Common Brand Questions About Polymer Clay

When the question of polymer clay brands comes up, there are always some questions that apply to all brands or aren’t specific to any one brand. I’ll address those here.

Why is Brand X so hard?

All polymer clay becomes firmer as it sits. The longer it sits, the more firm it becomes. Some brands “settle” to the consistency of cookie dough (Sculpey III), and others settle to the consistency of a brick (Fimo Professional). This is why we condition our clay. Conditioning “disturbs” or “unsettles” the clay so that it will once again be smooth, supple, and easy to work. The age of the clay matters, as well as the brand AND the color. New Fimo Professional can be quite soft, while an old block of Premo Translucent can be hard as a rock.

Why is my clay so crumbly?

Unconditioned polymer clay has very low shear strength, which means that it tends to fracture or shatter when pressure is applied to it suddenly. A slice of old Fimo put through the pasta machine will crumble into bits. But that same slice warmed in the hands and pressed firmly and slowly, will respond beautifully. One major reason we condition our clay is to make it so we can handle it without shattering and cracking. If your clay is crumbly, skip the pasta machine and use firm, slow pressure in your hands. Or let it crumble, put it into a bag, and press it back together. That gets it over with and is often faster.

Do you have to leach brand X?

Leaching is the process of using plain paper to absorb or blot out excess oils and plasticizer from polymer clay (here’s how). You do this when the clay is too soft to be used without distortion. The brand is irrelevant. There have been times when I have to leach a bar when it’s new, but then a few years later, I have to add softener to that same bar once it gets older and “ages.” Leaching is the flip side of adding softener. It totally depends on the consistency.

But could it be partially cured in transit?

Anything’s possible, and yes, it can happen. But it’s rare. Also, partially cured clay blocks aren’t crumbly as much as they’re weirdly hard. If the crumbles can be pinched and pressed together, and you can make a little ball that holds together, it’s just unconditioned or old…not partially cured. In 20 years of working with clay, I’ve only heard of a few honest-to-goodness verified cases of this happening. It is honestly very rare.

Why does brand X keep selling product Y?

Because people keep buying it. Businesses don’t do things that aren’t financially fruitful for them. You’d have to be part of their marketing team to understand their marketing and product line choices. Is that the same choice I would make? Maybe not. But I’m not them. 🙂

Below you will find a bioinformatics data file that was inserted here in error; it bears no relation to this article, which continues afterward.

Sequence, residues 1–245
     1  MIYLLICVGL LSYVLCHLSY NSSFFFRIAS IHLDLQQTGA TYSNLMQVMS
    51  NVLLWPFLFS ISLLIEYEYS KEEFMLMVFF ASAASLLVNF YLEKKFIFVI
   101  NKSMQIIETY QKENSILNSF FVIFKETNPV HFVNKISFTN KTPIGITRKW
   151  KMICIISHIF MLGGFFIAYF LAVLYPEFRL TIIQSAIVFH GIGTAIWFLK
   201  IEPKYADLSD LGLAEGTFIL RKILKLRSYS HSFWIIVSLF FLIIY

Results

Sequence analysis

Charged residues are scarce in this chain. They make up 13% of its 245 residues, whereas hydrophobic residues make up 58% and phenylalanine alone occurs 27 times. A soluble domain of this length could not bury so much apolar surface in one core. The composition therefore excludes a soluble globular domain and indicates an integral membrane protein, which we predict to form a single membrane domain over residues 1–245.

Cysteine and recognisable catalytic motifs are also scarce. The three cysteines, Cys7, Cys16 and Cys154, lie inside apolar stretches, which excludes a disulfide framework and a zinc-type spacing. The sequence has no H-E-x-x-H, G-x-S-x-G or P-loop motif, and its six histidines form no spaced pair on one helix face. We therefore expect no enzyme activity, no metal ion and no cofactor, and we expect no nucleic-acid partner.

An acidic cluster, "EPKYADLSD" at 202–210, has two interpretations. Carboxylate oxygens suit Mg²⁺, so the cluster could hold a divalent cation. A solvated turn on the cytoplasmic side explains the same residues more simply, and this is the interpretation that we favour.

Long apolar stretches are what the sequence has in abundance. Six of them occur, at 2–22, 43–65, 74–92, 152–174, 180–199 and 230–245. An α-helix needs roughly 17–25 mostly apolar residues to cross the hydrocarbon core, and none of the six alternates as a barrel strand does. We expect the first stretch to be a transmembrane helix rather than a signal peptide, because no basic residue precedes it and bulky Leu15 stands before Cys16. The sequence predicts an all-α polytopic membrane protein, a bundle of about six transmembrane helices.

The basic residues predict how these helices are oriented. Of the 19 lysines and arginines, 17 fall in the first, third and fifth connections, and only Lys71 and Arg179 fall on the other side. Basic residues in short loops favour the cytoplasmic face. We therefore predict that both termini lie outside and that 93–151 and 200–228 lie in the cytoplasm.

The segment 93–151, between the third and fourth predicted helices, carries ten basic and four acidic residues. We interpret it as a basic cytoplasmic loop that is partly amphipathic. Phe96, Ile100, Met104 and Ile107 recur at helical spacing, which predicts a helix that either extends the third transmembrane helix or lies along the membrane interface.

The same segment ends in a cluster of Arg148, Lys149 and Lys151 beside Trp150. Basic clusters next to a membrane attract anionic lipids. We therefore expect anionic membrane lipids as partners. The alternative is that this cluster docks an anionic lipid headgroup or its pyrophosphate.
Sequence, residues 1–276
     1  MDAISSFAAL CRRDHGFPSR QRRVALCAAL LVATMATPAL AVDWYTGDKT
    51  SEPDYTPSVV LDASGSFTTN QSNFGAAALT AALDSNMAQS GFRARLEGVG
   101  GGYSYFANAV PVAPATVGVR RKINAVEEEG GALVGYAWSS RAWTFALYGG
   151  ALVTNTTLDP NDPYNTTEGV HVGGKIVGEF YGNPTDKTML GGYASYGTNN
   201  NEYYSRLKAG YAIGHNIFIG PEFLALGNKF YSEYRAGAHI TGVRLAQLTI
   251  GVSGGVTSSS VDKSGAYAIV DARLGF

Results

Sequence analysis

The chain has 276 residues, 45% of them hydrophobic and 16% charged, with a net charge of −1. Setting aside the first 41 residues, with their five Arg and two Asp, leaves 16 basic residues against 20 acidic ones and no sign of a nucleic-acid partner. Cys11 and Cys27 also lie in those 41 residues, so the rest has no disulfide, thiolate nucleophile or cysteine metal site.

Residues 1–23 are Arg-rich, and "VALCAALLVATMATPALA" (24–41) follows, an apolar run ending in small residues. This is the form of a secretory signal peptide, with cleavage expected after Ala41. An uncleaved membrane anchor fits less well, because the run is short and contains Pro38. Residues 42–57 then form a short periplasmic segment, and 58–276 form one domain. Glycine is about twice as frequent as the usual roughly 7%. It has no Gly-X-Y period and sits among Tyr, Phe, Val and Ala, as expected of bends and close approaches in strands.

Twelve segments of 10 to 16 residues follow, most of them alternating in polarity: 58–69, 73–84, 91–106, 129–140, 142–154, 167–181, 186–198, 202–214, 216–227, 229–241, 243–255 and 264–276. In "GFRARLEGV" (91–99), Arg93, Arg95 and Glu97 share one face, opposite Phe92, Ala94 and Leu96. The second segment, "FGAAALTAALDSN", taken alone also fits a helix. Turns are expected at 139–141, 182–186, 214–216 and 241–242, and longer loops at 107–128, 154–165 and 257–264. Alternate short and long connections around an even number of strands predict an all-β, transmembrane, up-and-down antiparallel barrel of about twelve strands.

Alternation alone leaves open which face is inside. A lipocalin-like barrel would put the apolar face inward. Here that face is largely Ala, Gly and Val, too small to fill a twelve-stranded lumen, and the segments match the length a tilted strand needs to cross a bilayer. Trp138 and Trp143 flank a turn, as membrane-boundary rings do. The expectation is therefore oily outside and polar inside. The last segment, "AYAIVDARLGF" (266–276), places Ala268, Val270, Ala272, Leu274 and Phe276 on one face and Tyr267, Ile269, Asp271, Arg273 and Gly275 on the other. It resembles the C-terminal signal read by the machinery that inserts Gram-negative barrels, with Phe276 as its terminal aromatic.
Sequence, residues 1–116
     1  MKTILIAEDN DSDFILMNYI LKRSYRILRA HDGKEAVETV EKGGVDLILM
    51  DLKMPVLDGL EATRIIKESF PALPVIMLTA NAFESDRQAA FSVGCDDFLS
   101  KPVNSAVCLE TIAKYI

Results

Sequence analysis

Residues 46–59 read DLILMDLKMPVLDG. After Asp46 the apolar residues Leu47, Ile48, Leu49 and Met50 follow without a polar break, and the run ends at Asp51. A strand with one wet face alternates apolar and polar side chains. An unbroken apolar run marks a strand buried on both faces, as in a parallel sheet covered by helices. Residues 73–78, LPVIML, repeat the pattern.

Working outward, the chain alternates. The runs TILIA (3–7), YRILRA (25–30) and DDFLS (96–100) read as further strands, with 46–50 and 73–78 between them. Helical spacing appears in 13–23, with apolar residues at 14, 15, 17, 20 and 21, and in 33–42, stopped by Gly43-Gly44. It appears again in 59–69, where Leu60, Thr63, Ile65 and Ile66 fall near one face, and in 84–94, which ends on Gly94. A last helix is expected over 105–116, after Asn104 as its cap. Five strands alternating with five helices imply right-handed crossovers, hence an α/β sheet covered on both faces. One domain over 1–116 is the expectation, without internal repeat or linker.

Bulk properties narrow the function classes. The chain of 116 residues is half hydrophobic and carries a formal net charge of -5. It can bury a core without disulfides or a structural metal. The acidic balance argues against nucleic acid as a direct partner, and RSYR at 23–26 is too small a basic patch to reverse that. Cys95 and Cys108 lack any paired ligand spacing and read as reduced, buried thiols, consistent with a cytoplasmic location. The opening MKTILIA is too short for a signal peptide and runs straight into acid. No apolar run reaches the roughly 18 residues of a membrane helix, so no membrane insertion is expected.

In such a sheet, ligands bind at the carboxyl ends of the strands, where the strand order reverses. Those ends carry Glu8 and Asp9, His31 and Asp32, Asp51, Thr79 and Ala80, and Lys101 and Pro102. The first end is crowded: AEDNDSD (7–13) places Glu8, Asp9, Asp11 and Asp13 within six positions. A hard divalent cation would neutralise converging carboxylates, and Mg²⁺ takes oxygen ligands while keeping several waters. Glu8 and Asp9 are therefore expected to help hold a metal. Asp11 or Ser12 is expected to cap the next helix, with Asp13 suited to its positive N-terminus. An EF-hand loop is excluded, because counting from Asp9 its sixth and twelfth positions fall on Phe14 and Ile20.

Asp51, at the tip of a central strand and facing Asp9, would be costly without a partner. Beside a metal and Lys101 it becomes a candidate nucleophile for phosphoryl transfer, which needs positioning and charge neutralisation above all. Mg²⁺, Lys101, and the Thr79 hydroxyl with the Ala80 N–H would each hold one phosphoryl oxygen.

What’s the best brand for technique X or Y?

Here’s the deal. There are sculpting lines of clay that are usually white, gray, or flesh-colored. They’re optimized for sculpting. And then there are colored lines of clay. Nearly all of them work just fine for most things. The noted exceptions are the lines of clay that are intended for use by children or non-demanding amateurs. Sculpey III, Bake Shop, Fimo Kids, and some discount store lines of clay are noted exceptions. In general, if the clay’s marketing features cartoon sculptures or children, it will not be a good all-purpose clay. All the rest of the brands will work just fine for nearly everything.

What’s a better clay, Brand X or Brand Y?

Better at what? Every project is different, and every person’s preference is different. For everyone who prefers Souffle, another person will prefer Fimo Professional. There are no bad brands of clay. Your own preference matters the most. Try all the clay brands with an open mind, and choose the one that works best. NOTE: picking a team is silly. Try them all. You have to use them to know them!

Why does brand X have so many bubbles?

Bubbles happen when you (yes, you) trap air in the clay during conditioning. There are many reasons for that, including poor technique. But often, you can’t avoid trapping bubbles because the clay is so gosh-darned sticky. If the clay sticks to the rollers more than it sticks to itself, tiny bits will lift up as it goes through, trapping air. This isn’t a brand issue…it can happen with most brands. For some really sticky brands, you may find that using a pasta machine is causing the trouble. Try using a hand roller (rod), instead.

Can you mix brand X with brand Y?

Yes. You can mix any brands and colors of polymer clay. You’ll usually get a blend of characteristics. There is no reason you can’t mix brands and lines of clay together. You might not like what you get, but isn’t that the whole point of trying it? Mixed clay brands can nearly always be baked properly at 275°F/135°C, assuming your oven is performing optimally and you cover your clay. Do a test to make sure that both color and durability are fine.

What is the clearest brand of translucent?

Pardo is the clearest. Premo and Cernit are next. Then Fimo, followed by CosClay and Kato. Premo and Kato have substantial color casts (yellow/tan) and will readily darken when baked hot. Pardo and Cernit are relatively heat tolerant, but both will turn tan or even burn black given enough heat. If you can’t bake translucent without it turning amber, then you need to address your baking process. I have a course about this here.

Does dunking in ice water make things more translucent?

This process, called “quenching,” does not clear clay permanently. When Cernit first comes out of the oven, it is opaque, so rapid cooling will appear clear much faster than letting it cool naturally. But ultimately, there is no difference. Wet translucent clay also looks much more clear, just as wetting a beach pebble makes it look much more beautiful.

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